Friday – MSV Duisburg vs Alemannia Aachen
I was stood on the terrace at Duisburg on Friday evening, trying to justify to a bemused English-speaking Duisburg fan why I, like many others, come to Germany to watch football. He was surprised, given that he saw England as the home of football, that so many sought their football elsewhere. He recalled to me the great days of English football in the 80s; the games between Liverpool and ‘Gladbach particularly, and the atmosphere at Anfield – where he has wanted to visit since.
I explained that English fans come to Germany to remember football how it used to be, before commercialism and foreign billionaires changed English football. Football used to be about fan culture, drinking, smoking, having a good time with your mates – oh, and the result. Gone are the terraces, the culture and the freedom, now football in England is no longer a game for the fans, but a playground for the rich and powerful.
In Germany, despite commercialism in certain aspects the fan culture and identity remains. Whilst Germany also has large seater stadiums, fans still hold power and their opinion matters. It’s for this reason that whilst football has no doubt been modernised in Germany, its fans remain at the centre of it. It’s for this reason that I went to Germany, to experience how football should be, and I wasn’t disappointed.
I stayed in Düsseldorf for my trip, and I’d recommend it for anyone not sure where to go. I don’t think there is any other region in Germany that has so many teams. In the immediate area there is Düsseldorf, ‘Gladbach, Leverkusen, Köln, Dortmund, Schalke, Oberhausen, Duisburg and probably a few more that I’ve forgotten (see this map for more details). All are within easy travelling distance, and it also means that you have a selection of games to choose from. There is also the added bonus that Düsseldorf has a great nightlife for travelling parties and neighbouring Köln is also a good place to visit. Düsseldorf is easily accessible, with very good transport links within the city meaning it’s easy to get where you want to go easily and quickly.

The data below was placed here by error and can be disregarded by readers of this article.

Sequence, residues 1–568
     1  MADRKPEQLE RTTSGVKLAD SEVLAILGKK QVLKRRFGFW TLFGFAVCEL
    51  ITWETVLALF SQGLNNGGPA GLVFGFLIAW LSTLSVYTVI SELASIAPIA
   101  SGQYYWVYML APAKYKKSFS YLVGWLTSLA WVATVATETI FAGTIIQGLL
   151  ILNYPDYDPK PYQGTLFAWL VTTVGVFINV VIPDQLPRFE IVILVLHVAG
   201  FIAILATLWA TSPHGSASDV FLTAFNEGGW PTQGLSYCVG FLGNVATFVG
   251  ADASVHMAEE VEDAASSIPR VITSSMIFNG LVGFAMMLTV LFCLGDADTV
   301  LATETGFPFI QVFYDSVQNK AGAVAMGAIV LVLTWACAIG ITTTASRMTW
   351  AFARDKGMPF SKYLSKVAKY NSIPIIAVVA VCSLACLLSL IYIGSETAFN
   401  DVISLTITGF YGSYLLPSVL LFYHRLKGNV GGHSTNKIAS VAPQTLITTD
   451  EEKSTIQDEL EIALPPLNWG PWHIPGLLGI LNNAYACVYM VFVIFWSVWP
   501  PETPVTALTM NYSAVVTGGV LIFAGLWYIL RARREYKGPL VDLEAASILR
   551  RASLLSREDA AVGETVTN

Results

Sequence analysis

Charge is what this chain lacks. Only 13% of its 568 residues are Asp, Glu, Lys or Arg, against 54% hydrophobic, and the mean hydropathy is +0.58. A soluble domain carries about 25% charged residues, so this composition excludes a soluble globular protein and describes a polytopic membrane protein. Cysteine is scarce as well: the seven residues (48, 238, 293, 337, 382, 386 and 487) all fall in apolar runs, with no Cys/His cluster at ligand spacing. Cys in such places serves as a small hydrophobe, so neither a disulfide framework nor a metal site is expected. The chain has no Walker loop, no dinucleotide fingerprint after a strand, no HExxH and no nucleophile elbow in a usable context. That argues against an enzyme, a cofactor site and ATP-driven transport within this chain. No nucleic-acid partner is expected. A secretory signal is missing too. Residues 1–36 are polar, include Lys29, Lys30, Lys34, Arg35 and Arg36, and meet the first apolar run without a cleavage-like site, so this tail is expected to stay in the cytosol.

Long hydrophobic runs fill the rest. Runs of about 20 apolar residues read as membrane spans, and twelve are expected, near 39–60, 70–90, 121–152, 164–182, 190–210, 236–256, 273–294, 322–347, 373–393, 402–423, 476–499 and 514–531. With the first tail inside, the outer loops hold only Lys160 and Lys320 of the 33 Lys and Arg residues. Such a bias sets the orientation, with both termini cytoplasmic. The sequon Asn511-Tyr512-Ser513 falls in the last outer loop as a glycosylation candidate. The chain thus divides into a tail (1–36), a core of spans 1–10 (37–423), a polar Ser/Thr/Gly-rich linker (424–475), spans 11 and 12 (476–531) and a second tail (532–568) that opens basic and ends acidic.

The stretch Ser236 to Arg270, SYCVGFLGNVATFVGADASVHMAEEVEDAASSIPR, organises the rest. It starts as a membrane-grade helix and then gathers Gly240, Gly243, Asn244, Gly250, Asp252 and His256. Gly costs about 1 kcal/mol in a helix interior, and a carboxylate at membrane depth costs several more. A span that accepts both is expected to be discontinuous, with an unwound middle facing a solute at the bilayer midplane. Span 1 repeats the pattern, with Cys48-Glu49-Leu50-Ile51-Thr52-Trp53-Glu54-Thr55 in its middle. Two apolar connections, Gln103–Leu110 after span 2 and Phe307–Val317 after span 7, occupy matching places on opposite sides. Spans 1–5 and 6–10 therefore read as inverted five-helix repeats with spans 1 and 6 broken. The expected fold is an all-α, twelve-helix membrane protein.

Having arrived Thursday night, and spent Friday morning visiting Köln, I was in need of a footy fix for the evening. Duisburg were at home to Aachen, so I caught the train north to Duisburg who I knew wouldn’t have sold out their 30 000+ stadium and so a ticket would be easily obtainable. From Duisburg Hauptbahnhof it’s a short train journey to Duisburg-Schlenk – from which it is a 10 minute walk to the ground. I picked up a terrace ticket for €9 and got a beer in the ground for another €3.
The ‘ultras’ fangroup sit directly behind the goal, and made a decent noise given the small attendance of around 13 000. Duisburg fans were very friendly, and even bought me several beers once I told them I was a Leeds United fan. They are a good club, who perhaps overachieve given their size. They won 3-2, having taken the lead and then come from 2-1 behind. On the way back, police had closed the local station for a short while whilst the Aachen fans caught their train, so if you visit you may encounter a similar delay, but it’s not a huge problem. Trains from here went straight back to Düsseldorf as well.
Saturday – Schalke 04 vs VfL
For Saturday, I had got lucky and acquired a ticket in the sold-out Veltins-Arena for the game between Schalke and Wolfsburg. Gelsenkirchen is an hour’s journey from Düsseldorf, and costs €11 single fare on the train. If you carry a match ticket, you can use local transport for free also – excluding the fast ICE trains, so check which type of train you are getting on. Unluckily I had to collect my ticket at the ground, and so had to buy a local fare for the journey to the ground. To get to the ground, you simply get a train to the Hauptbahnhof (Hbf) and then get a tram to the Veltins-Arena from the underground station within the main station. There are plenty of trams and I found the ground very easily accessible…there’s a lot to be said for German efficiency. The Veltins-Arena stop is minutes from the ground, so it’s impossible to go wrong to or from the stadium. The arena is simply breathtaking. I’ve been to Old Trafford, Wembley, the Emirates and the Millennium Stadium, but none match the Veltins in my opinion. Perhaps it’s the lack of terracing, but I found the stadium and the football to be exactly how modern football should be. I think many English football fans prefer old stadia to new generic bowls, with the sense of history and retro feel you get at the older grounds in England. Whilst I agree, I also think this feeling comes from the type of modern stadia in England and how it is used, rather than irrational English adoration for piss-soaked toilets at Stockport.
I got to the Veltins-Arena early to soak up the pre-match atmosphere, and I wasn’t disappointed. I sat above the corner of terracing housing the Wolfsburg fans, in a stand which had a fair mix of both home and away fans. Could you imagine two sets of fans sharing the same stand in England? Probably not.
Yet there was no sign of trouble. Nor was there any hassle from stewards telling you to sit down every two minutes. I was allowed to stand, sing, drink and smoke if I wanted to, without some jobsworth telling me I couldn’t. The only disappointing aspect of the whole thing was that you have to buy a pre-pay card from within the ground to pay for your drink/food – often the case in modern German grounds. Whilst this probably works well for those attending regularly, for ground hoppers like myself it just meant I paid €5 for a card, just to order a beer.